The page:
Consider the following reflections with me.
- If a church encourages people to greet one another in the congregation, is it only sufficient to express welcome and love through touching? May the elements of welcome and love be communicated without touching while respecting the other’s will?
- If we are sitting with one who is crying, do we assume the person longs for a hug? Or is our desire to give a hug more about our uncomfortableness with the other’s tears than it is about us comforting a person? At times, when I am crying, I desire someone to embrace me; however, I have also experienced moments when I am crying that I do not want to be touched. Tears in the presence of the other means one is emotionally exposed, vulnerable. Security is of the utmost importance and to violate the other’s space during such vulnerability can hinder, if not abruptly terminate, the healing impact of tears. How many times has our own uncomfortableness with the other’s tears motivated us to hug someone, secretly hoping that the hug will heal—that is, the tears will stop? In such moments, we neglect the reality that tears have their own healing power, as “emotional tears also contain stress hormones which get excreted from the body through crying.”
As a Christ-follower, I am actually a member of a tradition that underscores touch. As you can imagine, belonging to such a group as a minimalist hugger elicits many opportunities for reflection on the relationship between touch and respect. Pentecostals have a practical theology of touch, meaning they demonstrate their theology through action. We may not openly discuss it in our services, but we believe in embodying our faith through touch.
- People are frequently anointed with oil in prayers for healing.
- People pray for one another by placing a hand on them and verbally offering up requests to God.
These types of practices demonstrate how touch is associated with faith in our circles.
We often note how Jesus Christ touched people and how people touched Jesus in order for healing to occur. Recall with me the woman with the issue of blood (Mk 5) who believed, “If only I touch his clothes, I will be healed.” Mark records:
“Jesus knew at once that power had gone out from him. He turned around in the crowd and said, ‘Who touched my clothes?’”
It is evident that touch was an embodiment of faith, particularly when Jesus says to her:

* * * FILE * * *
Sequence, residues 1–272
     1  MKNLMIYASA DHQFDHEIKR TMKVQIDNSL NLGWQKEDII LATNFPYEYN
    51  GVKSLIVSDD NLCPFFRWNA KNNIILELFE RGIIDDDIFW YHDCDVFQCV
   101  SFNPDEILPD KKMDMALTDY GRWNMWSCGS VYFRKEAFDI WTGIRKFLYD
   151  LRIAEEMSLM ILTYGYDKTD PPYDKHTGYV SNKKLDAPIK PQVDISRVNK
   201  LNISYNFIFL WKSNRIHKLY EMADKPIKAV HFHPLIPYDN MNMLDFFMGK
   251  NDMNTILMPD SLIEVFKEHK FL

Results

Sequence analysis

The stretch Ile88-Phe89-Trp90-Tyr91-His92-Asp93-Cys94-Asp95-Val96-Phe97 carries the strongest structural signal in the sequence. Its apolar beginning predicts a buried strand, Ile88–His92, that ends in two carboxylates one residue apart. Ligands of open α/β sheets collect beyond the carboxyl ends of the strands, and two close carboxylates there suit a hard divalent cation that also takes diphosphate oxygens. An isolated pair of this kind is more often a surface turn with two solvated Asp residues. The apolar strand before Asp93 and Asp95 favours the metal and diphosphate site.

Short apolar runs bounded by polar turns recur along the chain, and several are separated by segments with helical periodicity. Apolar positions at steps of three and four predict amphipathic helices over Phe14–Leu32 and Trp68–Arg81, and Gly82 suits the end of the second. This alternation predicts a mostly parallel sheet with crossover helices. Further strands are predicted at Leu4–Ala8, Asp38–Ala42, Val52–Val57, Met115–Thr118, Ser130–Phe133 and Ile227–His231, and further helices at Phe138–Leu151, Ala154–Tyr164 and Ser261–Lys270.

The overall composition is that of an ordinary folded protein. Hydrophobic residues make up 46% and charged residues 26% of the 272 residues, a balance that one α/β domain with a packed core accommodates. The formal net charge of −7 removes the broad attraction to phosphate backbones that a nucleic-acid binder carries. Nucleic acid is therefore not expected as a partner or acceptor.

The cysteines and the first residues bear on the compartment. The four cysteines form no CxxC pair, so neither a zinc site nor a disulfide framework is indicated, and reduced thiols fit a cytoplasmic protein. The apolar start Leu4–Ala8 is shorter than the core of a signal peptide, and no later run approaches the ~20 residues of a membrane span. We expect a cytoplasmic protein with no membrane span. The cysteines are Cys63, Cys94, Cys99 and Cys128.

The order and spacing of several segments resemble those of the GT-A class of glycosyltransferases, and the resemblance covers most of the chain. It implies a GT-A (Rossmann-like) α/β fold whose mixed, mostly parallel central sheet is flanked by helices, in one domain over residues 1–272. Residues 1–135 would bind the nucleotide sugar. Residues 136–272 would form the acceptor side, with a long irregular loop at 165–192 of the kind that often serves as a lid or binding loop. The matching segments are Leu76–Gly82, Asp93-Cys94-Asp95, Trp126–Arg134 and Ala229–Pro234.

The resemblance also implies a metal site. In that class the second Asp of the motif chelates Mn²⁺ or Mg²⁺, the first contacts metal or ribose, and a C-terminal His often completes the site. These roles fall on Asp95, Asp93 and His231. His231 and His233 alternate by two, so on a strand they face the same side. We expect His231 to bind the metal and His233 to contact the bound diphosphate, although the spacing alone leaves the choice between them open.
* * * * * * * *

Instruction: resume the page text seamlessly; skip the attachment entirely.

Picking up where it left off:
“Daughter, your faith has made you well.”
I also suspect that there was something about Jesus that drew people to him, specifically those who were labeled as sinners or unclean. It would seem they trusted him, for why else would they spend time with him? These people were people who were unclean. Some were rejected and shamed so that they became accustomed to people avoiding them, such as the lepers or even the woman with the issue of blood. Yet, something about this One said, “He is one to be trusted.” His very presence, then, for these individuals fostered trust.
Yet, there is one more thing about Jesus: his embodiment of touch is healing.
Consider with me for a moment the theology of the hypostatic union in which Jesus Christ is completely divine and completely human. In the person of Jesus and in the theological construct of hypostasis, one could say that God touches humanity completely—embodying humanity—so that there is a relationship between the divine and humanity within the person of Jesus. That is to say, the divine relates to humanity in the very body of Jesus Christ. Touch cannot be more intimate than that! The divine is forever connected to humanity. This is the touch, this embodiment, that heals humanity. As Christ-followers we speak of the day when God will be all-in-all so that all of creation will be healed—that is, reconciled. We have a taste of this when Jesus is completely God while being completely human. This is a portrayal of healing through embodiment.
It is significant to note that while God longs for a relationship with humanity, Jesus does not violate human will by forcing his will on us. Instead, although Jesus reconciles all of humanity to God, Jesus is also one unique human; thus, he honors the will of other humans, respecting their individual choices. It would be my assertion, based on my last blog, that we are able to participate in Christ’s ministry through touch and also through non-touch while honoring the will of the other. We respect the other’s will by offering an opportunity to touch through such words of inquiry as:
- Would a hug be helpful?
- Would it be helpful if I held your hand?
- Would it be appropriate if I prayed for you by touching you on the shoulder or hand?
Since we do not always know who walks among us who has been wounded by the inappropriate crossing of boundaries, we empower that person who may have been robbed of her power when we use the language of invitation. By respecting the will of the other, we are being healing agents through the power of the Spirit. We are trusting that if the other says “no” to being touched, he is saying “yes” to something else very vital to him, such as security. When we learn to invite and to embrace the possible difference of the other through our inquiry, we provide an opportunity for healing.
 “The Healing Power of Touch,” Harvard Health Publishing Harvard Medical School, January 2017, https://www.health.harvard.edu/alternative-and-complementary-medicine/the-healing-power-of-touch.
 Laurie Goodstein, “He’s a Superstar Pastor. She Worked for Him and Says He Groped Her Repeatedly,” The New York Times, August 5, 2018, https://www.nytimes.com/2018/08/05/us/bill-hybels-willow-creek-pat-baranowski.html
 Nick Anderson and Scott Clement, “1 in 5 College Say They Were Violated,” The Washington Post, June 12, 2015, https://www.washingtonpost.com/sf/local/2015/06/12/1-in-5-women-say-they-were-violated/?utm_term=.601329cc7cfd.
 Nick Anderson, Emma Brown, Steve Hendrix, and Susan Svrluga, “Sexual Assault Survivors Tell Their Stories,” The Washington Post, https://www.washingtonpost.com/graphics/local/sexual-assault/.
 Judith Orloff, “The Health Benefits of Tears,” Psychology Today, July 27, 2010, https://www.psychologytoday.com/us/blog/emotional-freedom/201007/the-health-benefits-tears.
[The above picture is provided by pixabay.com]